Intervention: He was placed on a proton pump inhibitor for reflux. He also was given a high calorie supplement as a meal replacement to counter recent weight loss and ensure proper caloric and nutrient needs would be met while we were treating him.
T.C. returned to clinic 4 weeks later. He was back to eating a regular diet with many of symptoms resolved and was not complaining of stomach pain or reflux. 3 months later all symptoms were resolved.
Case 3: P.D.
Referring symptoms: 16 year old typically developing female with 5 year history of dysphagia and g-tube dependence. P.D. had a history of severe vomiting around age 11 with dehydration and weight loss. Local hospital work up was inconclusive and P.D. had a g-tube placed for nutrition and weight gain. She was unable to swallow consistencies thicker than a milk shake and was tolerating her tube feedings well. When asked to describe her problem, she said she could not swallow solids, they would not go down. She had previously had medical and psychological work ups.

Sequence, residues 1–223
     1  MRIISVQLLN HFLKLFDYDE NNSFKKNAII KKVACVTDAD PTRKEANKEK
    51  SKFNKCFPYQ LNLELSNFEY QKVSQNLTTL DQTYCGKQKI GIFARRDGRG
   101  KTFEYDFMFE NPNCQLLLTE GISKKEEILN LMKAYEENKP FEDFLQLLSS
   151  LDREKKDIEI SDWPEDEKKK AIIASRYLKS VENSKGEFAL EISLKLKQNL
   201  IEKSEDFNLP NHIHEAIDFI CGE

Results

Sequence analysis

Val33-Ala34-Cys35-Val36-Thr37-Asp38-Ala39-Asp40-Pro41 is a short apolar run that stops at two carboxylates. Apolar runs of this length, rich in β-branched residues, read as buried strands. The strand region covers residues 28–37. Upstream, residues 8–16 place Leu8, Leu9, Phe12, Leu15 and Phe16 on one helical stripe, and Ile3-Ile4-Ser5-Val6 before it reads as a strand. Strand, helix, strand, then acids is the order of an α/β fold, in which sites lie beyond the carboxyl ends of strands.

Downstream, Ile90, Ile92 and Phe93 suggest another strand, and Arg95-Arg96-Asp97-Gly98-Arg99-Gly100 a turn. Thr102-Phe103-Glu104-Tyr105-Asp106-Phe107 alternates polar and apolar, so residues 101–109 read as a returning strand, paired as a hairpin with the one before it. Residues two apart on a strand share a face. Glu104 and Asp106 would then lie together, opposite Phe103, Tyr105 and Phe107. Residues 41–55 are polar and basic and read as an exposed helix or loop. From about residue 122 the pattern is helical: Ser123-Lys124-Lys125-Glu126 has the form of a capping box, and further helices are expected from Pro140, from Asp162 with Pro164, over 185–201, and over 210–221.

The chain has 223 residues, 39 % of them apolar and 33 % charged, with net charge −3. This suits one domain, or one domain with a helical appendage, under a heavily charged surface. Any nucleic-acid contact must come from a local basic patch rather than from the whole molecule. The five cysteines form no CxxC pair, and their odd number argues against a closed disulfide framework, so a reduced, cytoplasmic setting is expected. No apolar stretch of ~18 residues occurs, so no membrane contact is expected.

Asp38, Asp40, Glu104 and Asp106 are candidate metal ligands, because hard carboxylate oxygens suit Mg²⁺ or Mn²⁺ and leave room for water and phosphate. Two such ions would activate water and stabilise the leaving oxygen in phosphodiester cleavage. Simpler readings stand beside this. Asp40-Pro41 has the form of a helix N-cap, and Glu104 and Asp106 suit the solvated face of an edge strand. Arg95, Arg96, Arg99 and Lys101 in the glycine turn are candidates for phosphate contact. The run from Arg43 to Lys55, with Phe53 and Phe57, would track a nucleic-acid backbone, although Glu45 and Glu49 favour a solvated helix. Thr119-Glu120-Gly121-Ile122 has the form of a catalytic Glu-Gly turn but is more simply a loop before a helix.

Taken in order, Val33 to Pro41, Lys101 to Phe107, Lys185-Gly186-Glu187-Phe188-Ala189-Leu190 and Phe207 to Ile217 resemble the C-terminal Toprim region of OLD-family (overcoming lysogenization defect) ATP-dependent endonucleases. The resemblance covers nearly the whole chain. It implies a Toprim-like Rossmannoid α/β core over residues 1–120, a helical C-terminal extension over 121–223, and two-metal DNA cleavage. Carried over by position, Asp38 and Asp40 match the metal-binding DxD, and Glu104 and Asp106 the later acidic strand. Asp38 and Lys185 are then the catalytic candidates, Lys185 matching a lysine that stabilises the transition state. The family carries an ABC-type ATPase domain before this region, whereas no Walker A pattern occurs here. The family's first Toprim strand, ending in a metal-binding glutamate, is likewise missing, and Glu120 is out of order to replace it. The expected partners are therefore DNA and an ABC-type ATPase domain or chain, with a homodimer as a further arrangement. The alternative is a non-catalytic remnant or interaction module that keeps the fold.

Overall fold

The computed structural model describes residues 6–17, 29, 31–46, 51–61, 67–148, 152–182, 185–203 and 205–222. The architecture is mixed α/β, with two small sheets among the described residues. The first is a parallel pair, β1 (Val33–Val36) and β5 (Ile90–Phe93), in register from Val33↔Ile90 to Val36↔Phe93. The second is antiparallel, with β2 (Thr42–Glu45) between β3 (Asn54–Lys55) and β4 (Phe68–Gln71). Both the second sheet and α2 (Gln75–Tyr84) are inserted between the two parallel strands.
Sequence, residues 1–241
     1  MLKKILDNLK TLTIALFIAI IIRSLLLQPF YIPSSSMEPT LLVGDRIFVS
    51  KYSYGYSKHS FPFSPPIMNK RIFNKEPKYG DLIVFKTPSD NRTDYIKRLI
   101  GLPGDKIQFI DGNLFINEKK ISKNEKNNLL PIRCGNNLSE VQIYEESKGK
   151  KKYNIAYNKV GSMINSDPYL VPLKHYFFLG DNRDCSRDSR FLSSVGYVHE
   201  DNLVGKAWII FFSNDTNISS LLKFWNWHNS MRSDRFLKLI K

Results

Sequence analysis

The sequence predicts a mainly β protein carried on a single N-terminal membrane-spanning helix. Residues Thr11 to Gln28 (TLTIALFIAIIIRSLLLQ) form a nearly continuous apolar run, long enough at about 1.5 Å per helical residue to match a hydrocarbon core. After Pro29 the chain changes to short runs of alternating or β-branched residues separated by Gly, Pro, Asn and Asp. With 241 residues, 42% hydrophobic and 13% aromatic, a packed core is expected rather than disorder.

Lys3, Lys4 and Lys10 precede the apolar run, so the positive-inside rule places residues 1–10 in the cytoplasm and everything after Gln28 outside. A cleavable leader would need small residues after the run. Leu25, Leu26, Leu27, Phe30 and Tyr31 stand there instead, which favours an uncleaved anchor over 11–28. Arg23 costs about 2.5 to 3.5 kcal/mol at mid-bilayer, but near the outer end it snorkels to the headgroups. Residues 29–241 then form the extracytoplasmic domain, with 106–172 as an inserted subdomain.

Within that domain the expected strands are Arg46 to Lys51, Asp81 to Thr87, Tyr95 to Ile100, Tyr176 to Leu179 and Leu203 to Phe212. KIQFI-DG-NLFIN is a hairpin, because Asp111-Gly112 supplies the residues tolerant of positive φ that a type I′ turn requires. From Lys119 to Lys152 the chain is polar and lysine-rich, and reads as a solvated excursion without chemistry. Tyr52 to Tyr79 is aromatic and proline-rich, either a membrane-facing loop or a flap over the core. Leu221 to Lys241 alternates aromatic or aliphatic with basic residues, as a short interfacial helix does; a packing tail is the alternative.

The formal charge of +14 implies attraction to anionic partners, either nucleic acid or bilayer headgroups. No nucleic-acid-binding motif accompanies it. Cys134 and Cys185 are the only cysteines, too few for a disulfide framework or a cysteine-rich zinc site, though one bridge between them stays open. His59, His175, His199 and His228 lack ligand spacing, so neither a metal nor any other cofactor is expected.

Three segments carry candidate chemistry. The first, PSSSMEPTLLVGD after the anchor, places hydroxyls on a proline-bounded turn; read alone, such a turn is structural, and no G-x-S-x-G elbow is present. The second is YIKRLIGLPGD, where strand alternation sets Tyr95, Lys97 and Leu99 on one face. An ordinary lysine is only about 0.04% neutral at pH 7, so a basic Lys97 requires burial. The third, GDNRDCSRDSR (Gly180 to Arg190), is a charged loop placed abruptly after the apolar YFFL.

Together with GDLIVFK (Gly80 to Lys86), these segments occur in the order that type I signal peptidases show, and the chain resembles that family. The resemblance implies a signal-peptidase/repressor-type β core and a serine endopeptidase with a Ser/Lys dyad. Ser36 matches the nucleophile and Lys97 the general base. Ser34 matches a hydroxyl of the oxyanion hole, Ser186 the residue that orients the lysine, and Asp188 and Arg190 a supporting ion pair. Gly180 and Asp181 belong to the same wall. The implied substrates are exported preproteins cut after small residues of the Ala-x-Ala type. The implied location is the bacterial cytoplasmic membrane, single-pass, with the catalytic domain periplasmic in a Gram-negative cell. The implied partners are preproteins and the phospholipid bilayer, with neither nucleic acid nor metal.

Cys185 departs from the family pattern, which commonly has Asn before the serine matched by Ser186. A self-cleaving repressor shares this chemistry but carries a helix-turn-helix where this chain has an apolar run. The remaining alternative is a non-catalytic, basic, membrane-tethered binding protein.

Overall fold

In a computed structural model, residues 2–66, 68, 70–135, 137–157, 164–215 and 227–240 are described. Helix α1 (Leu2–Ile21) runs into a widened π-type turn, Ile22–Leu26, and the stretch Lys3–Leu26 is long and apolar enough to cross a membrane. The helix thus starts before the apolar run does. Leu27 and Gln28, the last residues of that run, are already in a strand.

Evaluation: P.D. had normal oral motor structure and function. She was able to swallow thin liquids without aspiration and had no pulmonary history. Because of her age she was able to participate in the exam with excellent cooperation. When asked to swallow a cracker, P.D. was observed to chew the cracker, swallow, and then regurgitate almost immediately. This was repeated several times.
Diagnosis: Vomiting and possible rumination syndrome, cricopharyngeal achalasia or esophageal motility disorder, or eosinophillic esophagitis.
Intervention: A modified barium swallow study (MBSS) with esophageal sweep was done to determine if solids would pass through her esophagus. Even though P.D. did not have typical signs of aspiration, the team decided to get a MBSS to further evaluate her oral, pharyngeal, and esophageal phases with food. ( A barium esophagram was considered to assess esophageal motility, however, this test is typically done with liquids and P.D.’s symptoms occurred with solids). MBSS results were abnormal. They revealed that P.D. was able to swallow liquid and solid consistencies without aspiration. However, only a portion of the bolus left the oral cavity with normal pharyngeal and esophageal transit. Approximately 2-4 seconds after the swallow, P.D. had severe tongue thrusting/gagging with expelling of contents that had never left her mouth. She was actually not vomiting and her esophageal transit looked functional. This indicated poor oral sensation and gagging with a possible neurological basis for the problem.